How hotels and restaurant can take their social media strategy from passive to aggressive and effective
In today’s social media-driven world, savvy operators in the hospitality industry are using technology to engage customers, reward them and drive revenue. Whether it’s tracking business trends, responding to customers who mention the company, or tying social media into a loyalty program, companies can connect with consumers — and their followers — to grow their business in ways they couldn’t in the past. However, social media cannot be a “set it and forget it” functionality. It must be driven by strategy and bolstered by the latest available software applications.
Social as a Service: Hear What Social Media is Telling You
Software might be eating the world, but social media could be said to be running it. As consumers’ daily lives are often consumed by social media, brands that can succeed at leveraging social media to drive business objectives will be positioned directly in the sightline of the customers they want to woo. This all starts with one key sense — hearing.
“We do a lot of listening,” says Jillian Glenn, director of marketing at Innisfree Hotels (www.innisfreehotels.com), based in Gulf Breeze, Fla., and operating 28 hotels and resorts, along with seven restaurants. Glenn explains that her team will tap into conversations that might not be directed toward the brand using Sprout Social (www.sproutsocial.com). “If someone is on the beach near our hotel or restaurant, we will reach out and say we have a meal and a table waiting for them,” she says.
The company also taps into conversations about local events, such as a music festival in Orange Beach, Fla., letting customers know they have a great hotel for them to stay in. And after the recent hurricane, they reached out to first responders and others who might need a place to stay, Glenn explains.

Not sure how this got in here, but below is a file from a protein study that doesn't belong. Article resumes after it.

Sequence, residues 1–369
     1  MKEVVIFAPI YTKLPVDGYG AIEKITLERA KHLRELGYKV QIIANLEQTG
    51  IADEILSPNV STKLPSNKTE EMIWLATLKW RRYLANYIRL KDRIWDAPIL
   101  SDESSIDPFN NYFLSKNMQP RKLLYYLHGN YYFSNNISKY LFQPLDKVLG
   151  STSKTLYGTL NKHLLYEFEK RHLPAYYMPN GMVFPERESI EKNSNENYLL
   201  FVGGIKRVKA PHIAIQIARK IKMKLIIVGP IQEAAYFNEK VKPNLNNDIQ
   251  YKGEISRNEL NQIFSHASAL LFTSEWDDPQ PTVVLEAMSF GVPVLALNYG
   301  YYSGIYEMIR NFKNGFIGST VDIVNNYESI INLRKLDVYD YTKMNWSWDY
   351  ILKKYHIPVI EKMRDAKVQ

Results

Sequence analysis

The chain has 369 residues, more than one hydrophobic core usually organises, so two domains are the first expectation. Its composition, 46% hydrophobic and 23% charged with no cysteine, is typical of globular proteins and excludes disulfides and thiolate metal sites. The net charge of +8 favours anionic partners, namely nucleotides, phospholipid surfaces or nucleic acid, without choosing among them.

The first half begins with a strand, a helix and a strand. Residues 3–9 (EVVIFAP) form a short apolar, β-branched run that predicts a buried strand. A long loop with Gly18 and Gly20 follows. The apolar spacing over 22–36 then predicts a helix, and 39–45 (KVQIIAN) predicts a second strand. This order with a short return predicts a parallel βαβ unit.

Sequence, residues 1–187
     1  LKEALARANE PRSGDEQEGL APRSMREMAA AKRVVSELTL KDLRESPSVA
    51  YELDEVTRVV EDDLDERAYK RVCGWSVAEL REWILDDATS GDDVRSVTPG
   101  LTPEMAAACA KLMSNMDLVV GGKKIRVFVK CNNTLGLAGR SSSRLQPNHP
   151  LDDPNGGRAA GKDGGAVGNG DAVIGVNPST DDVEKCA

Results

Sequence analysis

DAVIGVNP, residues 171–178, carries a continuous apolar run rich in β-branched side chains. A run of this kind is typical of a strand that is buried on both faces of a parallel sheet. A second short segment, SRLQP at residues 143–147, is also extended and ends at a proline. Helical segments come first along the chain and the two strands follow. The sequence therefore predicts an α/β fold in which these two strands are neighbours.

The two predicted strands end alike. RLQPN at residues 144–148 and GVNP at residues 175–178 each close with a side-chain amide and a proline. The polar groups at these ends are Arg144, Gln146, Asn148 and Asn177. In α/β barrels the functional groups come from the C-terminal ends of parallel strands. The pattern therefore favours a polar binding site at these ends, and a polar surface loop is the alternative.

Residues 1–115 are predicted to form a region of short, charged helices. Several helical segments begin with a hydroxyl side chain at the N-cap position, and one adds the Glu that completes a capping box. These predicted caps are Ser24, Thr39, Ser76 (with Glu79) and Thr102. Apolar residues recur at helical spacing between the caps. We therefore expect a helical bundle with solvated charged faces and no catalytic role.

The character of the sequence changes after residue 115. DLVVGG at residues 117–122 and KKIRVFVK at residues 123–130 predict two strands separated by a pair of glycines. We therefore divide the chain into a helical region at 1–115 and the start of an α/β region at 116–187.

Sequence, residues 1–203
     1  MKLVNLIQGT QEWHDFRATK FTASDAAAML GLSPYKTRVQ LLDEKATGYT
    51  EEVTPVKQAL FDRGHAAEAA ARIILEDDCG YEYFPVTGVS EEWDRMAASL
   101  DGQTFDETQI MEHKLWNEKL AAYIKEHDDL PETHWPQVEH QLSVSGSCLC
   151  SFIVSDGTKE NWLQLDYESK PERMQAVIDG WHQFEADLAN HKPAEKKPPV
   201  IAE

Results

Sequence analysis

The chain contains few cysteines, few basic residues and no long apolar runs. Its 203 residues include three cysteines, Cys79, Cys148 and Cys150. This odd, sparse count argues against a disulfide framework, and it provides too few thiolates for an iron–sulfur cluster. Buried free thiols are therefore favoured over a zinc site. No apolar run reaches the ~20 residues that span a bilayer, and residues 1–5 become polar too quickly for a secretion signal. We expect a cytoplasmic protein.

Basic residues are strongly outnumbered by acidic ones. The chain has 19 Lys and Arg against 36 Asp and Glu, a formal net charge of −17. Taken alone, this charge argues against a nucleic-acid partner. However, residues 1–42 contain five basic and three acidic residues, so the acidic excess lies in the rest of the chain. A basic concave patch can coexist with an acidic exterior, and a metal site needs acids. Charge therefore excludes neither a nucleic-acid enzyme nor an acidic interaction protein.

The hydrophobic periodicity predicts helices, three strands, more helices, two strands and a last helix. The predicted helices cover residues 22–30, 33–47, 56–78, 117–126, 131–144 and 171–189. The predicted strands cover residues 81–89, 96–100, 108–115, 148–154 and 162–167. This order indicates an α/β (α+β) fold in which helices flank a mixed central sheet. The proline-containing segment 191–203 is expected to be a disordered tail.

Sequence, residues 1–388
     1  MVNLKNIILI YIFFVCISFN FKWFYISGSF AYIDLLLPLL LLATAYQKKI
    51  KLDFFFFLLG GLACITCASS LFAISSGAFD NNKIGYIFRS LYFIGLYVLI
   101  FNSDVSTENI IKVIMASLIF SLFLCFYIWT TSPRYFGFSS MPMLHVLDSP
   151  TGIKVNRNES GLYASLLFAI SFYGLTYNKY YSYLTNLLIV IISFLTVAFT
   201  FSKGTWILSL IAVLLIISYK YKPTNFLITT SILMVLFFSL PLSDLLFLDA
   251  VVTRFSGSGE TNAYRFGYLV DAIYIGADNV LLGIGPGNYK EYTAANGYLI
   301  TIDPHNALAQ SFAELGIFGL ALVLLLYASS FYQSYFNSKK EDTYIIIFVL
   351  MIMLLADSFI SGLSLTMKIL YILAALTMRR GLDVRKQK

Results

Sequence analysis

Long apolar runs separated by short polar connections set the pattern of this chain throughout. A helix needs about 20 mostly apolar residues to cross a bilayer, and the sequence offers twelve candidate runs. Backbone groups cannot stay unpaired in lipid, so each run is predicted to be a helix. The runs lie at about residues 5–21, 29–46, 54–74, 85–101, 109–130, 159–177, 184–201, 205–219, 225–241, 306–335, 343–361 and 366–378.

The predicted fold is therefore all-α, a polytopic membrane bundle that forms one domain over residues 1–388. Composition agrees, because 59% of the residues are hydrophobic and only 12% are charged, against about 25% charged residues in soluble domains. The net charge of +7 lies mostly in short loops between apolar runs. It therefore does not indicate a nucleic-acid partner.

“We try to find as many engagement opportunities as possible, because we want to interact with new people,” she notes. “We follow certain hashtags and locations for each property, and respond three times a day to comments. We try to start a conversation before people get to our hotels and then follow up with them afterward as well.”
Any social strategy needs start with listening, and software, such as the aforementioned Sprout Social, Hootsuite (www.hootsuite.com) or Crimson Hexagon (www.crimsonhexagon.com) allow a company to do that, says Michael Brito, executive vice president of digital and analytics at Zeno Group (www.zenogroup.com), a global consulting agency based in New York. There are software options available for large and small companies that enable companies to listen to conversations on a variety of social media outlets, he says.
“Software can find anyone who mentions your company on social media, writes a review on Yelp, or comments on Reddit, and it can pull it and put it in front of you,” Brito explains. “Just like any relationship, social media is 80 percent listening. Smart companies are taking this social data and addressing issues, responding directly to customers and creating content to address customer needs.”
In addition to seeking out customers and responding to those who mention a company, many social technologies allow for companies to collect content and data from a variety of social outlets, and also organize and schedule marketing materials for the future.
“We use it primarily to schedule our content, and have an approval process that it goes through, in addition to reaching out and engaging in conversations,” Glenn says. “We are also able to field negative reviews and quickly respond to
Realizing ROI through Retargeting